B AR . I was going to fetch you, to beg for your opinion on a question of great importance to me. D OC . You must be very ill-bred, very loutish, and very badly taught, my friend, to speak to me in that fashion, without first taking off your hat, without observing rationem loci, temporis et personæ . What! you begin by an abrupt speech, instead of saying Salve , vel salvus sis, doctor doctorum eruditissime . What do you take me for, eh? B AR . Really, doctor, I am very sorry; the fact is that I am almost beside myself, and did not think of what I was doing; but I know you are a gallant man. D OC . Do you know what gallant man comes from? B AR . It matters little to me whether it comes from Villejuif or Aubervilliers. D OC . Know that the word gallant man  comes from elegant . By taking the g  and the a of the last syllable, that makes ga ; then by taking the two ll 's, adding a  and the two last letters nt , that makes gallant ; then by adding man you have gallant man . But to come back to what I said; What do you take me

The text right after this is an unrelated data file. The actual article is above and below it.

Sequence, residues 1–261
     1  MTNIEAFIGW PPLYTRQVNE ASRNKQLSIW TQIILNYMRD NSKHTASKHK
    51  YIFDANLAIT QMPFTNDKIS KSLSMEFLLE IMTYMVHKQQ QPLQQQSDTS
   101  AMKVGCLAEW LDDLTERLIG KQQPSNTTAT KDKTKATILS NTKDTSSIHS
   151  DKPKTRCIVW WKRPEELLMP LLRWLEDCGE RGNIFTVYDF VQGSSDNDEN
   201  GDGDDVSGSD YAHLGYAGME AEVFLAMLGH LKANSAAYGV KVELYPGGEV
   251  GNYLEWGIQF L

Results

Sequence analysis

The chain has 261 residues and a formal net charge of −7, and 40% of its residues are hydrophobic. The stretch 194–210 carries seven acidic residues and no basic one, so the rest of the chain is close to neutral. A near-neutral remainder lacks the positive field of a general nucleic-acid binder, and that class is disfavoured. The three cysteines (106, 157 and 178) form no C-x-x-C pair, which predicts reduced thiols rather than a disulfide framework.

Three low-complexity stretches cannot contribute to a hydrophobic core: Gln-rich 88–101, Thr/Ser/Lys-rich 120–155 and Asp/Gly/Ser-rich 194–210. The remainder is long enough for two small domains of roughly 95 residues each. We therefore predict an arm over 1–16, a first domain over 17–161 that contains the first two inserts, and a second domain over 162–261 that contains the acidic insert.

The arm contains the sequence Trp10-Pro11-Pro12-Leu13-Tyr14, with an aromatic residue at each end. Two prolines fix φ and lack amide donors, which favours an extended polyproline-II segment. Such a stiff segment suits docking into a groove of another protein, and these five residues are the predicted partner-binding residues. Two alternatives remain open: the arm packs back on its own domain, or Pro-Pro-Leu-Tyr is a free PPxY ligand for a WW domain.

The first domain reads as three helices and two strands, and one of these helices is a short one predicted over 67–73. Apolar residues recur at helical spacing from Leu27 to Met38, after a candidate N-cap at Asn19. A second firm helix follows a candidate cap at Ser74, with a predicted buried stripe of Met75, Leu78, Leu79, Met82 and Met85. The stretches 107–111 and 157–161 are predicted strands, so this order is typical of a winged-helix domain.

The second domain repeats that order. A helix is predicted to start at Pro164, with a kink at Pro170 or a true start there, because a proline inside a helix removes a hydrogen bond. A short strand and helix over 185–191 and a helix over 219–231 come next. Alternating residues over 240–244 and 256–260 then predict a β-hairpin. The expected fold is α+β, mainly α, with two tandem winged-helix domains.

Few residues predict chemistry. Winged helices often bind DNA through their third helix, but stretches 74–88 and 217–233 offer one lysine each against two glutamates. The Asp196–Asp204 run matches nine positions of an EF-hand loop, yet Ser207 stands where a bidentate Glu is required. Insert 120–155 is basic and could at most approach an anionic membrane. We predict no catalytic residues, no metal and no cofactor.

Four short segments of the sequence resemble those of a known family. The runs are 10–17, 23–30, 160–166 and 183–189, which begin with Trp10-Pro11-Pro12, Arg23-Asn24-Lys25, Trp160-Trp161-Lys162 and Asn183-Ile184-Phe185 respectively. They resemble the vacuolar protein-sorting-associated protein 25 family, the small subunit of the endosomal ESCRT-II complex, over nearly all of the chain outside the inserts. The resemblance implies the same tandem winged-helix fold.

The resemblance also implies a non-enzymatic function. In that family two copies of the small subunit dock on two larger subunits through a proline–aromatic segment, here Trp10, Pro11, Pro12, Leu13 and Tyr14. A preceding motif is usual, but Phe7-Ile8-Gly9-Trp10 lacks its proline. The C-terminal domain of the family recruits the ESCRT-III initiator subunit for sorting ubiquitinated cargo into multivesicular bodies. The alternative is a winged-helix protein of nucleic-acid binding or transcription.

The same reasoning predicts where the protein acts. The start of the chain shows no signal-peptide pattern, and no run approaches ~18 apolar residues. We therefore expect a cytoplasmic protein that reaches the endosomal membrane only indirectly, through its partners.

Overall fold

for? B AR . I take you for a doctor. But let us speak a little of what I have to propose to you. You must know that … D OC . Let me tell you first that I am not only a doctor, but that I am one, two, three, four, five, six, seven, eight, nine, and ten times doctor. Firstly, number one is the base, the foundation, and the first of all numbers; so am I the first of all doctors, the most learned of the learned. Secondly, there are two faculties essential for a perfect knowledge of things: the sense and the understanding; I am all sense, all understanding: ergo, I am twice doctor. B AR . Agreed. What I want … D OC . Thirdly, according to Aristotle, the number three is that of perfection; I am perfect; and every thing I do is perfect: ergo, I am three times doctor. B AR . Very well then, doctor…. D OC . Fourthly, philosophy is divided into four parts, logic, morals, physics, and metaphysics; I possess all four, and know them perfectly: ergo, I am four times doctor. B AR . Deuce take it, I don't doubt it. Listen to me then. D OC . Fifthly, there are five universals: the genus, the species, the differentia, the property, and the accident, without knowing which it is impossible to arrive at any satisfactory conclusions; I make great use of them, and know how important they are; ergo, I am five times doctor. B AR . I must have patience. D OC . Sixthly, number six is the number of work; I work incessantly for my own glory; ergo, I am six times doctor. B AR . Well, well, speak as long as you like. D OC . Seventhly, the number seven is the number of bliss; I possess a perfect knowledge of all that can produce happiness, and by my talents am happy myself. I am therefore forced to say of myself: O ter quaterque beatum! Eighthly, the number eight is the number of justice, on account of the equality which is found in it; the justice and prudence with which I measure and weigh all my actions